In English, when talking about possessions in the third person, we use “his”, “her” and “their” as the adjective (“his apple, her car, their shoes”) and “his” and “hers” as the possessive pronouns (“the apple is his, the car is hers, the shoes are theirs”).

Things work a little differently in Danish.

Sin, sit and sine

Some parts of the Danish language are more important than others to master. For example even though it is good to know which words are en (en bil = “a car”) and which are et (et hus = “a house”), it is not a disaster if you happen to say “et bil” or “en hus”.

Using the wrong pronoun (such as hans or hendes) could cause more confusion, however. Take a look at this classic example:

  1. Christian kysser sin kæreste.
  2. Christian kysser hans kæreste.

In English, both sentences translate to “Christian is kissing his partner”. In Danish however, you make a distinction between “his own wife” = sin, and his as in someone else’s wife, hans in the second sentence.

If we swap sin and hans for names, this may become clearer:

  1. Christian kysser Christians (sin) kæreste.
  2. Christian kysser Henriks (hans) kæreste.

In other words, if Christian is the subject of the sentence and also has an “owner” (please forgive the expression) relationship to the object of the sentence, then we express that ownership by using sin and not hans.

It is not only hans that sometimes should be replaced with sin. It is also the case for hendes (“her”) and deres (“their”). It is also worth bearing in mind that sin changes to sit if the object is an et-word, and to sine if the object is plural. See the examples below:

Christian har malet sit hus i sommer

Christian painted his own house last summer

Christian har malet hans/hendes/deres hus i sommer.

Christian painted his (Henrik’s)/her/their house last summer.

In the second sentence here, Christian has painted someone else’s house – maybe he’s a painter-decorator or a helpful relative.

Christian skal hente sine børn fra børnehaven

Christian is going to pick up his children from pre-school

Christian skal hente hans/hendes/deres børn fra børnehaven

Christian is going to pick up his (Henrik’s)/her/their children from pre-school

In the second sentence, Christian is not picking up his own children from pre-school (unless we’re referring to shared children in the “their” version).

Unfortunately, sin, sit, hans and hendes cannot always easily be deduced from this subject-object pattern. In the following sentences:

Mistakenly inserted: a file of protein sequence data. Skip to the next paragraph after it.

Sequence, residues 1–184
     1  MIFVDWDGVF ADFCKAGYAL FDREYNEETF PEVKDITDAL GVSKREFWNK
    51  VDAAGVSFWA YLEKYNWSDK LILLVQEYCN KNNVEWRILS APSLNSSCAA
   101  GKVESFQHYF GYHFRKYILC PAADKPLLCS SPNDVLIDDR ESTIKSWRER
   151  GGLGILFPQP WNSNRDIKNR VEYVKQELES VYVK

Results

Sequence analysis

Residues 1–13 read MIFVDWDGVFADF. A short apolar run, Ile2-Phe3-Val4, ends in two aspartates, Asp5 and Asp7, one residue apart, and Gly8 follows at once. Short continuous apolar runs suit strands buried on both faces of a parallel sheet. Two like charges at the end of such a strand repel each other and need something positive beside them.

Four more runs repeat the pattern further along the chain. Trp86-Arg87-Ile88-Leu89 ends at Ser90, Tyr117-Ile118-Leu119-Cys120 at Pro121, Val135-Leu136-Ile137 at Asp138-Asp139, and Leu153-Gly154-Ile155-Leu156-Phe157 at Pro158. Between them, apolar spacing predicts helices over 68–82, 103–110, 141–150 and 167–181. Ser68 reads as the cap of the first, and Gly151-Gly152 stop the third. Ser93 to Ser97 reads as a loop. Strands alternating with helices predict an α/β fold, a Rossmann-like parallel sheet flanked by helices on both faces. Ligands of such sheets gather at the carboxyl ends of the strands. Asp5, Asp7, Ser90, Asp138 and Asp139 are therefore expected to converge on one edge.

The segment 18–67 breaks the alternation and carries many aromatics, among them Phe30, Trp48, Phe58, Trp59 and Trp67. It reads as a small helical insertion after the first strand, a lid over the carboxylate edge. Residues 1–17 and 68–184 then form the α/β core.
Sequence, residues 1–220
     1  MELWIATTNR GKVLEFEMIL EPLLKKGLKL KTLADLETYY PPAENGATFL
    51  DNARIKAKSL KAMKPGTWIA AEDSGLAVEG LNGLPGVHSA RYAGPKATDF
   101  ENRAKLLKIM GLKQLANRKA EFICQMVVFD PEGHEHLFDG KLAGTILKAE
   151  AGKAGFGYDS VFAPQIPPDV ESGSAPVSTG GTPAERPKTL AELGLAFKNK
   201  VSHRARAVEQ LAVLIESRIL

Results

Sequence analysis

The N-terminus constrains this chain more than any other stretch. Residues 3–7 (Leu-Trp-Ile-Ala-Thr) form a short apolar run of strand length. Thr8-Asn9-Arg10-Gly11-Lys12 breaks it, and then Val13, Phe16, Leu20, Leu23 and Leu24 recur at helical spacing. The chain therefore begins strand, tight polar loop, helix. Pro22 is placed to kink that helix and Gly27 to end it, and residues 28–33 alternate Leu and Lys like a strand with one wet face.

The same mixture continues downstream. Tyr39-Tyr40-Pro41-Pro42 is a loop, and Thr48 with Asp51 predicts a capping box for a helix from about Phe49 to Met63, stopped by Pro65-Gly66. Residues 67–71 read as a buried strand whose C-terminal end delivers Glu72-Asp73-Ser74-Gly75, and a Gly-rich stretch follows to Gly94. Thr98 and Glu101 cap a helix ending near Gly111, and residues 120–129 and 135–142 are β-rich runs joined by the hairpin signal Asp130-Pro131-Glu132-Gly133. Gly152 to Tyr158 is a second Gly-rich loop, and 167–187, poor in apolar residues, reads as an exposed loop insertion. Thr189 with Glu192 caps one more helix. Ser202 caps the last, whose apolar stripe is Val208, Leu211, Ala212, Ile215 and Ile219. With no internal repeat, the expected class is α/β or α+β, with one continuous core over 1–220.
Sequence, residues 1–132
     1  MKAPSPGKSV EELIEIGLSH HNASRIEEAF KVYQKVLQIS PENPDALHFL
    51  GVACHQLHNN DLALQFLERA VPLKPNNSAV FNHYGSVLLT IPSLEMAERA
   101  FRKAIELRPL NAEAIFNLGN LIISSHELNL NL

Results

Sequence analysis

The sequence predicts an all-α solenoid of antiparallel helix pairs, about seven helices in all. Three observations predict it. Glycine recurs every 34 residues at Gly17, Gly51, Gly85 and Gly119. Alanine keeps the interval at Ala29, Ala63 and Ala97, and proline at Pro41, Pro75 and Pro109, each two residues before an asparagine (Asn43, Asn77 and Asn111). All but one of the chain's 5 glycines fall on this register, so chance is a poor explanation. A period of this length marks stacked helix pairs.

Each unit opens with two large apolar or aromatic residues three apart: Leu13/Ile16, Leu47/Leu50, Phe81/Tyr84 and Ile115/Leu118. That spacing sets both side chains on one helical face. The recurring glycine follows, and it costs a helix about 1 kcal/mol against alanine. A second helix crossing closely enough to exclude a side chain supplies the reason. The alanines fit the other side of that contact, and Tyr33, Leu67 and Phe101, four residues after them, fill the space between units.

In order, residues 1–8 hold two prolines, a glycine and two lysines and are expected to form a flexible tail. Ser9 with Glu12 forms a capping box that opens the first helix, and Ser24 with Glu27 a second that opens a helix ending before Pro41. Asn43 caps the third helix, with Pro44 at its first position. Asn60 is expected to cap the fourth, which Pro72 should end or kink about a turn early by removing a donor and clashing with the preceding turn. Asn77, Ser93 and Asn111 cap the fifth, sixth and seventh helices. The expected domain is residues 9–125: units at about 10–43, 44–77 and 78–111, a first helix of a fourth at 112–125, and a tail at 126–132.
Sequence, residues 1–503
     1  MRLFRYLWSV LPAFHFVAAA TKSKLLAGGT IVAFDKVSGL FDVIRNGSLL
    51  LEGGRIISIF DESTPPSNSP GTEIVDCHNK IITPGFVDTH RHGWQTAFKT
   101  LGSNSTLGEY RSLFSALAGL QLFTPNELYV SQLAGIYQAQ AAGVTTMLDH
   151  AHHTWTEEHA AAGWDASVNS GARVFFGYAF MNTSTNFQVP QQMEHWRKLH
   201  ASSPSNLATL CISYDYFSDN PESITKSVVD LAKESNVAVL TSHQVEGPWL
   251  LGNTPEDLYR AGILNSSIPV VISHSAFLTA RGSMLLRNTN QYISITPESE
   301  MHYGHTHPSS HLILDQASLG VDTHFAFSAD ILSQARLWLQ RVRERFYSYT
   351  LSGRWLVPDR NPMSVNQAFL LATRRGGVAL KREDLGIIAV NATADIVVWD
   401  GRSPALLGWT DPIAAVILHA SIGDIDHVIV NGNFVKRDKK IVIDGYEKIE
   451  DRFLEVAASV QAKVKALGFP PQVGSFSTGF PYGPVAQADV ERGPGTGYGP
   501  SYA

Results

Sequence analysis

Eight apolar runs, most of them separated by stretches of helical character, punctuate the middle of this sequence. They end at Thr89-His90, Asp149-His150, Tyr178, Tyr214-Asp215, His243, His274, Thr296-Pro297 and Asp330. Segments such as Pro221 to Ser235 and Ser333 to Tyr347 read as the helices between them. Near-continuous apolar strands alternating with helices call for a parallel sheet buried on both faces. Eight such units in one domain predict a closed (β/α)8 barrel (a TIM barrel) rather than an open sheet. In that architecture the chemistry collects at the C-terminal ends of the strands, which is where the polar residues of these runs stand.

Christian synes godt om maden, som hans kæreste tilbereder

Christian likes the food that his partner prepares

Jens venter med at gå i seng, fordi hans søn ikke er kommet hjem endnu

Jens is waiting up since his son is not home yet

Kathrine og hendes kæreste skal på restaurant i aften

Kathrine and her partner are going out for dinner tonight

You might ask yourself at this point, “Why not sin all of a sudden? There’s an ‘ownership’ connection in play, right?”

The explanation for this lies in what the subject and object of the sentence is, and whether it is split into clauses.

Christian synes godt om maden is the main clause (hovedsætning) in the first sentence. “Christian” is the subject.  

som hans kæreste tilbereder is a subordinate clause (bisætning or ledsætning). Here, hans kæreste is the subject in it. Since hans kæreste is not an object, it cannot take the sin pronoun.

Not that a main clause makes sense without the subordinate clause, but a subordinate clause cannot be a standalone sentence – this is how you tell the difference between the two types.

In the second example, Jens venter med at gå i seng is the main clause with Jens as the subject, and fordi hans søn er ikke kommet hjem endnu is the subordinate clause in which hans søn is the subject.

In the final example which unlike the others is single-clause, Kathrine og hendes kæreste are the subject together, so hendes mist be used, not sin.

When you are speaking Danish in real life, you probably don’t have time to think about sentence structure and subject-object relations. If you’re in doubt, it’s probably better to hedge your bets and go with hans or hendes – regional dialects of Danish in Jutland sometimes use these instead of sin and sit anyway.